alexa The Language of Addiction | Open Access Journals
ISSN: 2329-6488
Journal of Alcoholism & Drug Dependence
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The Language of Addiction

Amy Platt*

Adjunct Professor, Stony Brook School of Social Welfare, USA

*Corresponding Author:
YAmy Platt
Adjunct Professor,
Stony Brook School of Social Welfare USA
Tel: 631-920-8250
E-mail: [email protected]

Received date: July 29, 2014; Accepted date: July 30, 2014; Published date:August 01, 2014

Citation: Platt A(2014)The Language of Addiction.J Alcohol Drug Depend 2:e117 doi: 10.4172/2329-6488.1000e117

Copyright: © 2014 Platt A. This is an open-access article distributed under the terms of the Creative Commons Attribution License, which permits unrestricted use, distribution, and reproduction in any medium, provided the original author and source are credited.

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Editorial

The language associated with addiction has become antiquated as the field has evolved. Terms like alcoholic and addict have negative connotations that can become self-fulfilling prophecies. The trend in treatment is to take the Rogerian approach of person-centered therapy where clients have more control over their treatment and are active participants instead of passive spectators. Being person-centered means that clients are treated as people and are not defined by their addiction.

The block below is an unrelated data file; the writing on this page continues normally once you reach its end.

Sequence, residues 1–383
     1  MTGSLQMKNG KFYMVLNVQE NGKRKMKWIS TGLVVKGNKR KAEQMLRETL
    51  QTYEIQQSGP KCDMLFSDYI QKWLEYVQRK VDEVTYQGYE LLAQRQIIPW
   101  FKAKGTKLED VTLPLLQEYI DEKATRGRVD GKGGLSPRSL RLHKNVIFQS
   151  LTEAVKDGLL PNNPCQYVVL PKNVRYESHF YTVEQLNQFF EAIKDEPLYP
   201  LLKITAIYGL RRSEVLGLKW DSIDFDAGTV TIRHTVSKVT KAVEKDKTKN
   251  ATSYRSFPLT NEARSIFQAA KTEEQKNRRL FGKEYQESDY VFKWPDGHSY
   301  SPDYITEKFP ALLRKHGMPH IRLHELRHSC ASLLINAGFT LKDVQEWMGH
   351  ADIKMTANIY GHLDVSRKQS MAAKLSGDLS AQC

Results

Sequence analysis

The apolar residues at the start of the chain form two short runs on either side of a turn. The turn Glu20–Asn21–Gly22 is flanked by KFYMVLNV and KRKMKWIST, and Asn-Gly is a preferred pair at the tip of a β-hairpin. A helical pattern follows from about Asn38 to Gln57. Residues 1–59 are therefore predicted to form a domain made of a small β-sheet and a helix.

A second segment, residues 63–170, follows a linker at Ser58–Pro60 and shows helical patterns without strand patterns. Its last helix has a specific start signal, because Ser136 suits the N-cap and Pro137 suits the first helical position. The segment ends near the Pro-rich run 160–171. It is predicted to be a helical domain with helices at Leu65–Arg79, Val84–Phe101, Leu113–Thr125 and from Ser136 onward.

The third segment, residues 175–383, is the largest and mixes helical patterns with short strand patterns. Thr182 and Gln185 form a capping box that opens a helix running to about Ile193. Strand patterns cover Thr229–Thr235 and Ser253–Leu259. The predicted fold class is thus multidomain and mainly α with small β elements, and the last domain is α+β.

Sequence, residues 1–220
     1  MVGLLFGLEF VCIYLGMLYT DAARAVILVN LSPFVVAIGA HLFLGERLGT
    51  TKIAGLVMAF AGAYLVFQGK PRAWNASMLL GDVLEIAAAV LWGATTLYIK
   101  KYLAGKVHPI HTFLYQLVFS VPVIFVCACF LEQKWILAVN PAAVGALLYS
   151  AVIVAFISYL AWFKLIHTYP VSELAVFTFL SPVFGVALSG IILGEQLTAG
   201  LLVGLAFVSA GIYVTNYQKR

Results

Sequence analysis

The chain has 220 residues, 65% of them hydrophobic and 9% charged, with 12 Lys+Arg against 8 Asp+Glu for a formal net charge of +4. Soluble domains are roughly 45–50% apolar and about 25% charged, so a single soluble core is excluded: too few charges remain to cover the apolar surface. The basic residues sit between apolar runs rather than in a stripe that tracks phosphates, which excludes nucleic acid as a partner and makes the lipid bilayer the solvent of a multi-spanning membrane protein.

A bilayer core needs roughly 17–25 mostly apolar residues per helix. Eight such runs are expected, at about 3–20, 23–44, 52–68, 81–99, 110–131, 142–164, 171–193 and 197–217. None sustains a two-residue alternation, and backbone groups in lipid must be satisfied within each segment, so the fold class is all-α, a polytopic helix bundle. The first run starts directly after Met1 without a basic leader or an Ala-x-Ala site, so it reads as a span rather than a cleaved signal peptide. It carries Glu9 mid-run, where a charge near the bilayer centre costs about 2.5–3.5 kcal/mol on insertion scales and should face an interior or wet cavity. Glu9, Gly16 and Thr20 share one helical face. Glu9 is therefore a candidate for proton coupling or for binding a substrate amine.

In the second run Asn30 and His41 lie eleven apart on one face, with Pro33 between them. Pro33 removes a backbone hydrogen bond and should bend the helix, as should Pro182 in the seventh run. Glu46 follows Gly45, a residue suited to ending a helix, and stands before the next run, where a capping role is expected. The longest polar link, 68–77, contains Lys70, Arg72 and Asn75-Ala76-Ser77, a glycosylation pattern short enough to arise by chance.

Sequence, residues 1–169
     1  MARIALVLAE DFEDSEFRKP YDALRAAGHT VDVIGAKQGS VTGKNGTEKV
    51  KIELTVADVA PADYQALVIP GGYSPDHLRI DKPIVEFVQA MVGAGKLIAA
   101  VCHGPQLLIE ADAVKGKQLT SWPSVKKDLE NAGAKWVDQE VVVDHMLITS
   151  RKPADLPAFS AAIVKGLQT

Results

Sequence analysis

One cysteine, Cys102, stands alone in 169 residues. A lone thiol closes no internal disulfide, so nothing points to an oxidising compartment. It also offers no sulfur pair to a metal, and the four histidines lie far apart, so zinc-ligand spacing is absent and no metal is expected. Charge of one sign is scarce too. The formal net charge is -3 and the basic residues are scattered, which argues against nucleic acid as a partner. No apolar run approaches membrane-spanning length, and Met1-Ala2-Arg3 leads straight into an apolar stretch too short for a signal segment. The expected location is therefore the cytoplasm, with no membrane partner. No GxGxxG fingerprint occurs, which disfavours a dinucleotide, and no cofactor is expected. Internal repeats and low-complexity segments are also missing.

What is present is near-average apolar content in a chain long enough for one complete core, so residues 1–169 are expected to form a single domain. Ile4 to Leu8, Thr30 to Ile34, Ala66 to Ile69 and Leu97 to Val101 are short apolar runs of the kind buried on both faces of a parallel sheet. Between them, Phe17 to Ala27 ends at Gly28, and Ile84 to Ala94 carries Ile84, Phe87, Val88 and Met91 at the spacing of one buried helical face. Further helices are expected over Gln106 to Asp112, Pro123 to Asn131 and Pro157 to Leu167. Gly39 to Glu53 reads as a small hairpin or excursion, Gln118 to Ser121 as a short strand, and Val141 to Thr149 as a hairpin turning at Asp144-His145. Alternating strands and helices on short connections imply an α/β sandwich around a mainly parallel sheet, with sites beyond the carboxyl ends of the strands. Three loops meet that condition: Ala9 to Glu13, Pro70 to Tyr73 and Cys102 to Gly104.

Historically, self-help encourages individuals to introduce themselves by name and identify themselves as either addicts or alcoholics. This is a tradition that was adopted by treatment facilities. Individuals can take responsibility for their addiction without the label. In order to be person-centered, treatment providers should adopt a new ideology. Individuals with other diseases say that they have the disease, not that they are the disease. Addiction can follow suit with more positive language to change the perception that addiction is a character flaw and the further perpetuation of the moral model of addiction. ”People with an addiction“places the person first, multifaceted individuals who cannot be defined by one thing.

In contrast, the labels “addicts and alcoholics” conjures negative images that are perpetuated in society. Not only are these terms pessimistic and unconstructive, they propagate the moral model of addiction. Since addiction is a disease that can be treated with evidence-based practices and yield positive results, then the language used associated with addiction should reflect this concept.

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